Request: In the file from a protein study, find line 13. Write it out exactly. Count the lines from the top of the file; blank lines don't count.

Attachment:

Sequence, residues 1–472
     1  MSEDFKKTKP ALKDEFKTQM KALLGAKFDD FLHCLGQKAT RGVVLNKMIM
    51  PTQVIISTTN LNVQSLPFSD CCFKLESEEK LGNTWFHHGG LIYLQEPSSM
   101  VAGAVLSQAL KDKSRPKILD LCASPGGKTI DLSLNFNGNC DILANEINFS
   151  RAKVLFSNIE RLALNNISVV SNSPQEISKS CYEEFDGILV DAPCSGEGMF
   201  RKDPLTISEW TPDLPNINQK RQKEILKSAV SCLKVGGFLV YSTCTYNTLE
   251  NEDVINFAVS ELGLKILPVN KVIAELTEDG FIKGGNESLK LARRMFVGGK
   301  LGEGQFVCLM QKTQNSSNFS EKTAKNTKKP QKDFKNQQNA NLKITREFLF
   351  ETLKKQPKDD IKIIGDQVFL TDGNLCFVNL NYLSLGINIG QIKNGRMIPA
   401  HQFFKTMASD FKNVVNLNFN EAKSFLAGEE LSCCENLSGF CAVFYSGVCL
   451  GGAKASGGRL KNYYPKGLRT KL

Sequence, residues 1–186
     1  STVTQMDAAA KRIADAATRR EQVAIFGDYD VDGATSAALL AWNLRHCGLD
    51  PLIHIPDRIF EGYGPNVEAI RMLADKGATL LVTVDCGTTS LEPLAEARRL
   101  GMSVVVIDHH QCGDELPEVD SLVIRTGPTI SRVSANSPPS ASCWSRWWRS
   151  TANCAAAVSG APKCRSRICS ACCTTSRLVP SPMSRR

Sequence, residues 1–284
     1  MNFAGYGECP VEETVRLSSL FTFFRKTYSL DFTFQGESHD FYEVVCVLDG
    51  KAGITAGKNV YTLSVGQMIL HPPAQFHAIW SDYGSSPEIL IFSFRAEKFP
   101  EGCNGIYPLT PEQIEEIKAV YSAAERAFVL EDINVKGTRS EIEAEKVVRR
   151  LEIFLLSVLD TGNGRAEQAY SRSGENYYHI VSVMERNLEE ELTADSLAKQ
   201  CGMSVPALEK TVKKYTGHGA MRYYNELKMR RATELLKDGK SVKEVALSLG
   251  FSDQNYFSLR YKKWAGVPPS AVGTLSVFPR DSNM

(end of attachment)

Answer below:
     1  STVTQMDAAA KRIADAATRR EQVAIFGDYD VDGATSAALL AWNLRHCGLD